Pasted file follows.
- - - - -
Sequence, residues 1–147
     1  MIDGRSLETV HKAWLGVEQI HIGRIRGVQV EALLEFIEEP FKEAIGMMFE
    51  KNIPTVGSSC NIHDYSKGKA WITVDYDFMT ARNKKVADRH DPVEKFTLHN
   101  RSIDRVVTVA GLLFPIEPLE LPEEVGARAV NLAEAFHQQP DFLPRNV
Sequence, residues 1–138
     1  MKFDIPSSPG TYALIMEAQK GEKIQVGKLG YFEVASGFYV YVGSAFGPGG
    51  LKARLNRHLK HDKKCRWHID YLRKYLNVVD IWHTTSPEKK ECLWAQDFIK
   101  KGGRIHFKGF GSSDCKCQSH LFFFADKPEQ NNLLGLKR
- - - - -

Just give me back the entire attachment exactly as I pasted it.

Sequence, residues 1–147
     1  MIDGRSLETV HKAWLGVEQI HIGRIRGVQV EALLEFIEEP FKEAIGMMFE
    51  KNIPTVGSSC NIHDYSKGKA WITVDYDFMT ARNKKVADRH DPVEKFTLHN
   101  RSIDRVVTVA GLLFPIEPLE LPEEVGARAV NLAEAFHQQP DFLPRNV
Sequence, residues 1–138
     1  MKFDIPSSPG TYALIMEAQK GEKIQVGKLG YFEVASGFYV YVGSAFGPGG
    51  LKARLNRHLK HDKKCRWHID YLRKYLNVVD IWHTTSPEKK ECLWAQDFIK
   101  KGGRIHFKGF GSSDCKCQSH LFFFADKPEQ NNLLGLKR